Queens award win

Winning awards is always a sign you are doing something right.

So, when we won the Queens Award for International Trade in 2013, we were ecstatic!

Starting out with a passion to provide only the best for orthodontics, has truly paid off. The Queen’s Award is one of the most prestigious awards in business in the UK. Just to be recognised is no mean feat.

The secret to our success

At DB, it is always about quality. What we are doing always has to be the best we can achieve – we don’t cut corners. We purely focus on offering the best. This is in everything we do.

We take our time. There is no rush to get something to the market. A culture of listening to customers is key, and we must remain sensitive and responsive to feedback.

In our company, I always look for the strengths in people and use people to the best of their ability. We hold regular huddles and monthly meetings where company information and figures are openly shared.

Our branding is also so important. The vision I had was to be fully independent of manufacturers. And we continue to still develop branded useful products for the dental and orthodontic market.

My commercial vision

  • Keep products small
  • Create our own brands so we can export globally
  • Don’t fall into taking on other brands – you have less control.

Now, we have a full portfolio of own brand products including wires, brackets, bonding agents, alginates, photography accessories, a tooth-whitening system, a fully functioning in-house digital laboratory, and a full range of dental laboratory products.

Christian and Victoria are always looking for ways to make the orthodontist’s workflow more efficient. And, now in-line with the industry’s focus on multi-disciplinary care for the patient’s ideal outcome, aesthetic products. Tooth-whitening and photography products have opened new doors to GDPs.

Our laboratory division features our own brands such as our successful Ixion lab instruments, Iconic thermoforming materials and many other brands including the MSi anti-snoring appliance components.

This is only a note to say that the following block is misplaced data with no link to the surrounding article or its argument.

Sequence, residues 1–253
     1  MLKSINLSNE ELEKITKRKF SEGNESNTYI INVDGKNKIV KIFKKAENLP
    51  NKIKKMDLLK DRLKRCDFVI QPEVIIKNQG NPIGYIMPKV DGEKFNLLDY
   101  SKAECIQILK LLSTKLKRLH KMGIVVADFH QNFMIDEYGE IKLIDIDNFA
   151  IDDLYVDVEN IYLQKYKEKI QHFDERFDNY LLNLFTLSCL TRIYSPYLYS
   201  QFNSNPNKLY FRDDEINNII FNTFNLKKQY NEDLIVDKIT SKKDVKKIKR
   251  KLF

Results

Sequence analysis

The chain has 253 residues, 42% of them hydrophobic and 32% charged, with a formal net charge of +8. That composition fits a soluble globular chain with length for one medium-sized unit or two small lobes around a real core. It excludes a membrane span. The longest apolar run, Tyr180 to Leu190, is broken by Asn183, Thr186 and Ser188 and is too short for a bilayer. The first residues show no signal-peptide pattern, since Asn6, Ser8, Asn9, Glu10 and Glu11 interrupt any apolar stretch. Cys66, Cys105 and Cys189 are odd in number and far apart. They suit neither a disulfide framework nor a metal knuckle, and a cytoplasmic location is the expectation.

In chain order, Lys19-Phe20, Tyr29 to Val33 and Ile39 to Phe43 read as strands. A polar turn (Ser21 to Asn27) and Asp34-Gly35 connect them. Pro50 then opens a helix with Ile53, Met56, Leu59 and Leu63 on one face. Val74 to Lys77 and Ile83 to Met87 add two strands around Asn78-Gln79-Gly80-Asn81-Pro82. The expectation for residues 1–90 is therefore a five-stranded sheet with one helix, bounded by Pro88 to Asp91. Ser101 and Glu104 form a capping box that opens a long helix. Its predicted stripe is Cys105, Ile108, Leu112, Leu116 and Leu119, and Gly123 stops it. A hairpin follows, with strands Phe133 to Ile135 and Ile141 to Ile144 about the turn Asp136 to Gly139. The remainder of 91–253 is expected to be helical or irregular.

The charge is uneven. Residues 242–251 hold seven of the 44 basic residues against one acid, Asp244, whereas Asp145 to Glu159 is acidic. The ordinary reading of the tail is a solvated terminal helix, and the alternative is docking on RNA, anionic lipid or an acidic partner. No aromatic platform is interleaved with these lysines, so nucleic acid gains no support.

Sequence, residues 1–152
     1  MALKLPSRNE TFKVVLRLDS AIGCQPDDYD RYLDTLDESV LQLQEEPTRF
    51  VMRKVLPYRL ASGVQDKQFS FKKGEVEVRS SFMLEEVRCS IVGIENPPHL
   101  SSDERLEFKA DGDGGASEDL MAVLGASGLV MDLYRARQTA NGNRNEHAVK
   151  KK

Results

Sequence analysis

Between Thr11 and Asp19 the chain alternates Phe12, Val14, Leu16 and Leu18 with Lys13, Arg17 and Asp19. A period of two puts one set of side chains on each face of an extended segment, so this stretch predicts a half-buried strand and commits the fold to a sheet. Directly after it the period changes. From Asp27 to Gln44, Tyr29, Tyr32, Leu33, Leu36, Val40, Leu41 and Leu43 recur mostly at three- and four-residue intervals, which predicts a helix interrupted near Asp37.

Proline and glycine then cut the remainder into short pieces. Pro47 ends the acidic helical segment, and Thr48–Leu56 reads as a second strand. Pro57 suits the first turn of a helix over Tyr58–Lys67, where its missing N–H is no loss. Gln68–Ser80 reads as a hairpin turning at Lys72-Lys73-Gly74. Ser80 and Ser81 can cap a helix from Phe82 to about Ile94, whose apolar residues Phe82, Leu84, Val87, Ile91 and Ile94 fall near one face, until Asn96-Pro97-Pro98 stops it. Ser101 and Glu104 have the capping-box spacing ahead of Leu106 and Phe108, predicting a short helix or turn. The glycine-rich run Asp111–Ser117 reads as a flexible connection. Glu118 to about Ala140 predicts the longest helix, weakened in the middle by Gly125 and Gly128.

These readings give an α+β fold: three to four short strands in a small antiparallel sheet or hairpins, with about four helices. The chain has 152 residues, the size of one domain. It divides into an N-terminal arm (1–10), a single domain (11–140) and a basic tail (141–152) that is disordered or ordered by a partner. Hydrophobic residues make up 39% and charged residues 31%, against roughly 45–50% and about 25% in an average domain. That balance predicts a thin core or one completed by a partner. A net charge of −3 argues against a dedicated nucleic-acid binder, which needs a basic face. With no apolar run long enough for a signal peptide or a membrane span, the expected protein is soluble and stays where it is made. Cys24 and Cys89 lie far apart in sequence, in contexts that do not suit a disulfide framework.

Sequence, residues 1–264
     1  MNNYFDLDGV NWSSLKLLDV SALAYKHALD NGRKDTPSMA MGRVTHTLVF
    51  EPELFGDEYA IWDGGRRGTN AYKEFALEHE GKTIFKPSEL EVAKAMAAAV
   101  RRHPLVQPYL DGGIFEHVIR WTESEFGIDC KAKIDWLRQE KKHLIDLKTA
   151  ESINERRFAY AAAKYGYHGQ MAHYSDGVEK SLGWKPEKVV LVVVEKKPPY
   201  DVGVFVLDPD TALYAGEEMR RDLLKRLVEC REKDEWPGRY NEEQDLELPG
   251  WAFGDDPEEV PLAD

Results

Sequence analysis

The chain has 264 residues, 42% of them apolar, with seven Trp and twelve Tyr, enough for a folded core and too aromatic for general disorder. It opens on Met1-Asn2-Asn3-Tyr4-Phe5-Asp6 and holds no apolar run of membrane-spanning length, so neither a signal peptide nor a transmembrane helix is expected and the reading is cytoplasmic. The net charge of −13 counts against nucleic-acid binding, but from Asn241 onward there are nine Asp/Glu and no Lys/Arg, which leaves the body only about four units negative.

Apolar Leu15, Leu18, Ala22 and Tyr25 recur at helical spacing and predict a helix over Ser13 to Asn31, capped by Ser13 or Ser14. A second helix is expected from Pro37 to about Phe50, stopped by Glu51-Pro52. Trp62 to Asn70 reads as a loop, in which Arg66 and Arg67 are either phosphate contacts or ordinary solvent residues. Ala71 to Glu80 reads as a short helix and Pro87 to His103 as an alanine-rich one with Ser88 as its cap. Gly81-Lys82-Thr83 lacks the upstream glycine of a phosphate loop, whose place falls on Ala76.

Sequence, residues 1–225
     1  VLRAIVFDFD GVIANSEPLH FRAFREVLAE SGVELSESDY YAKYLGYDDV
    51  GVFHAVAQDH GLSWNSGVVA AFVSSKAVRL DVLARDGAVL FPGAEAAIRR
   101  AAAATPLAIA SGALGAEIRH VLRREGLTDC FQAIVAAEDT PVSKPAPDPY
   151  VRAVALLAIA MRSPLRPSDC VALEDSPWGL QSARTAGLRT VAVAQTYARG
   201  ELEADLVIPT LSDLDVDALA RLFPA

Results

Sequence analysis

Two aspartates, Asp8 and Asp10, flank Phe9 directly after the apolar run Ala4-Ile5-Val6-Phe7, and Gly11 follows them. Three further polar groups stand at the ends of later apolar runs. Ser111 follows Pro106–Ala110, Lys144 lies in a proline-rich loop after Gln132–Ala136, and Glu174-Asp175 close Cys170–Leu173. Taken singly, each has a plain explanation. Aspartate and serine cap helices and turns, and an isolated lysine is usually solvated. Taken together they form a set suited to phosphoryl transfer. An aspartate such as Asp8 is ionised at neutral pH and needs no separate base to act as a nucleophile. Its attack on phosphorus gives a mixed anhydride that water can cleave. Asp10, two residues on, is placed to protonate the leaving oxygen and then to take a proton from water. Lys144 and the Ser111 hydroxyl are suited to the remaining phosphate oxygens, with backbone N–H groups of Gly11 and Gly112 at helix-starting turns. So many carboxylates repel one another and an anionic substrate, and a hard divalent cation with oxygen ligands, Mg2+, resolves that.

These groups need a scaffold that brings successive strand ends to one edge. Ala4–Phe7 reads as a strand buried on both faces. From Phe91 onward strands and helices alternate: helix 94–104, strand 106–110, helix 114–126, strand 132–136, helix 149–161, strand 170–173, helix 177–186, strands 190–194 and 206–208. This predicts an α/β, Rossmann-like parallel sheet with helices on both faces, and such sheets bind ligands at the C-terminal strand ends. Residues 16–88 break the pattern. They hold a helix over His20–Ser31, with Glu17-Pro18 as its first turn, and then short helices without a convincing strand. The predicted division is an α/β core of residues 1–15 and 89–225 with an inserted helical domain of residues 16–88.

We also partnered with innovative CAD/CAM brands including Hass, the makers of revolutionary lithium disilicate – Amber, Whitepeaks Zirconia and metals, and Keystone 3D printing materials.

The DB family business now includes three generations. Not only do I have my granddaughter Ella working with us in sales, we also gained a daughter-in-law Mariola; Christian’s wife, and son-in-law Simon; Victoria’s husband, all of whom have become integral to the growth of the business.

I’m fortunate

Last year may have been challenging for us and everyone else in the dental industry. Yet we managed to finish on an ecstatic high. We won three highly respected business awards: Best Small International Exporter of the Year at The Federation of Small Businesses, and Best Small Exporter and Best Overall Exporter at the Northern Powerhouse Awards.

As I celebrate my 50th year in business, we are proud to still have the same ethic and vision as we had right at the beginning.

One thing stays the same; there is always change

Orthodontics has undergone many times of change. I feel fortunate to have the privilege of introducing orthodontists to many innovative products.

From the first direct bonding adhesives, to nickel titanium wires and pre-coated brackets. Clinicians now use these products every day without a second thought. Yet they were once considered revolutionary.

I have worked with some of the most skilled people the orthodontic world has to offer in developing products. And today, I am happy to say DB Orthodontics is still spreading the word on what’s new, and what’s relevant. Today, the digital technology we have at our fingertips is creating even more opportunities for an improved workflow, enhanced patient experience and effective results.

Throughout this changing landscape, it remains my passion to focus on what truly benefits orthodontists worldwide.

By only offering the highest quality products, I hope we can make a positive impact on clinicians’ working practice. And in turn, help to transform every patients’ health and wellbeing – safely and effectively.

  • David Burdess
    David Burdess in the new extension at Carr House, Bradford – built for Orthomax